Remember When: Paul McCartney and Stevie Wonder Topped the Charts with “Ebony and Ivory”

As two of the biggest stars in the planet, Paul McCartney and Stevie Wonder had to know that any collaboration between them would invite major scrutiny. They overcame those worries by keeping it simple with “Ebony and Ivory,” a straightforward plea for racial unity that struck a major chord with audiences when released in 1982.

Videos by American Songwriter

How did the song develop? And how did a little tardiness almost throw a wrench into everyone’s plans? Why don’t we get all the details on this hugely successful chart-topping song?

A Duet, but with Whom?

Paul McCartney took a break from Wings with his 1980 album McCartney II, but it wasn’t meant to be a permanent break. He intended to reassemble the group for his following album, which would be recorded with George Martin as producer. In October 1980, Wings did demos of a batch of songs McCartney had recently written, songs that would end up on albums like Tug of War (1982) and Pipes of Peace (1983).

One of the songs that the band demoed was “Ebony and Ivory.” McCartney envisioned the song as a duet, and he had Denny Laine, Wings’ longtime guitarist, sing it with him on the demo. Alas, those sessions were Wings’ last, as McCartney found that he didn’t like how the songs were sounding, and also that he had lost his enthusiasm for being a bandleader.

Once he knew he was moving forward as a solo artist, he decided that, since “Ebony and Ivory” was all about race relations, he should find a Black singer to do it with him. Since he had known Stevie Wonder since they met in the ’60s when McCartney was a Beatle and Wonder was already scoring hits in his teens, he immediately thought it would be a good match.

Wonder agreed. The sessions were set for George Martin’s studio in Montserrat in the Caribbean. The problem, as McCartney recalled, was Wonder kept missing his due date to show up. In his book The Lyrics: 1956 to the Present, McCartney said, “It was always ‘this Friday,'” about Wonder’s scheduled arrival. This continued for a while, until Wonder finally did arrive, and it was worth the wait.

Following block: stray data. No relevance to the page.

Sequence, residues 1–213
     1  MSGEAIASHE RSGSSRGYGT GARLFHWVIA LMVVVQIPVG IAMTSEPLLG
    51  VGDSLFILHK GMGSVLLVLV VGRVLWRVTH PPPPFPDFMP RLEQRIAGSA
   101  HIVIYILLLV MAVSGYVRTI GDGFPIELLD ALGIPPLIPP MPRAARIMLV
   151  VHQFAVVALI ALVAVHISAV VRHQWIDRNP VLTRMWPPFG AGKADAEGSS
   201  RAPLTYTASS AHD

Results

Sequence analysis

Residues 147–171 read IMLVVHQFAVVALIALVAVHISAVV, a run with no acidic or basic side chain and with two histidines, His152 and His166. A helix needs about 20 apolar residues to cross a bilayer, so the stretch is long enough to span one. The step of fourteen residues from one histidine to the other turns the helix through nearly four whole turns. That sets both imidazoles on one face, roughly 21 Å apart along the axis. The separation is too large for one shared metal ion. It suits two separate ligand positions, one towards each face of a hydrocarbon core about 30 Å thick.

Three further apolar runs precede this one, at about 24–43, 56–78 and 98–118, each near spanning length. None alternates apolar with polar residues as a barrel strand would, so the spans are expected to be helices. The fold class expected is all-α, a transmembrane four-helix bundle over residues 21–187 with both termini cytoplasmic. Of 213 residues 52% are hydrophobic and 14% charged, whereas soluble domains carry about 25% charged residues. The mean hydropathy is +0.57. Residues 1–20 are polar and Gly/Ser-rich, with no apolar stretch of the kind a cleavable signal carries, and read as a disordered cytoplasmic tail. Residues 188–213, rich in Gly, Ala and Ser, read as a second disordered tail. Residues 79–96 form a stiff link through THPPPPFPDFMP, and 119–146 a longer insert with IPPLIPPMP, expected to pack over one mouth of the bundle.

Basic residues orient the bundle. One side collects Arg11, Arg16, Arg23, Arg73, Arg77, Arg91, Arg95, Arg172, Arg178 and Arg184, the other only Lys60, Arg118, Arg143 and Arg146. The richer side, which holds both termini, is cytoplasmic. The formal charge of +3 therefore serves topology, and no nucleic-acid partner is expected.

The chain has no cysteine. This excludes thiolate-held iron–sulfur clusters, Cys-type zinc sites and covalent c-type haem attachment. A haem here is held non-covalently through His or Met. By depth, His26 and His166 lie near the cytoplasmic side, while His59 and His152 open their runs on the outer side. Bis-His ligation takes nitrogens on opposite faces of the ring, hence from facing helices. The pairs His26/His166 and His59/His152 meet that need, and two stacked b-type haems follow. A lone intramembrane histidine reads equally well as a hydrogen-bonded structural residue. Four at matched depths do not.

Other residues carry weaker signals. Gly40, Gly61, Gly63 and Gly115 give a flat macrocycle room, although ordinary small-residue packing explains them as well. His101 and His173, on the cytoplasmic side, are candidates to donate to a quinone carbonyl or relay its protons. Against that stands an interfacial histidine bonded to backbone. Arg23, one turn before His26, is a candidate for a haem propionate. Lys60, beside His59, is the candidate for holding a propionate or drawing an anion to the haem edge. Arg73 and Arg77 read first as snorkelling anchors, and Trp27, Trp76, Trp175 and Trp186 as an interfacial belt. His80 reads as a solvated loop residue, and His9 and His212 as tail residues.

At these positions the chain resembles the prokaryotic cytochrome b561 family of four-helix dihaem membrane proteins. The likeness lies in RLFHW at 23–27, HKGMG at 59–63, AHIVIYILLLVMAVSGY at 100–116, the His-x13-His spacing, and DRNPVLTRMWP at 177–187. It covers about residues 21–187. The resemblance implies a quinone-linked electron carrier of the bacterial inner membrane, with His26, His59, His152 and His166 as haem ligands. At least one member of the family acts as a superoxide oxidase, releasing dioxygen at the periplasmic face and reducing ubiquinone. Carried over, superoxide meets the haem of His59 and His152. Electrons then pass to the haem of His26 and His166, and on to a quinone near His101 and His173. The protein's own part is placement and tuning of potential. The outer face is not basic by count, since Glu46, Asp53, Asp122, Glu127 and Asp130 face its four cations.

“Then the weekend would go by, and I’d ring him on Monday. ‘Oh, I’ll be there on Wednesday.’ ‘Oh, OK.’ So there was a lot of that,” McCartney related. “He’s his own man. He’ll show up when he’s ready. But it was great when he arrived. It was fascinating because he is such a musical monster; he just is music. You had to be super precise, because any mistake he would hear. He asked if we were going to use a drum machine, and I said no, so he got on the drum kit and he was a great drummer with a very distinct style, and that’s him playing on the record. The whole song is just me and Stevie.”

A Simple Plea

“Ebony and Ivory” delivered a massive hit for the duo when it was released as the first single off Tug of War in 1982. It not only went to No. 1, but it stayed there for seven weeks. The public clearly loved it.

Over the years, many critics have harped on the simplicity of the lyrics, complaining they’re facile and naive. There might be more merit to those concerns if McCartney had set out to write a deep dissection of the racial divide. But his intent was never anything more than an easygoing pop song.

The song provided a boost for both artists, as neither had scored a recent hit of that magnitude in several years. “Ebony and Ivory” proved Stevie Wonder and Paul McCartney could co-exist as smoothly as the black and white keys on the piano. Good thing Stevie finally showed up in time for them to find out.

When you purchase through links on our site, we may earn an affiliate commission.

Photo by Kevin Winter/WireImage

Leave a Reply


Universal Music Group May Be Looking to Take Serious Legal Action Against TikTok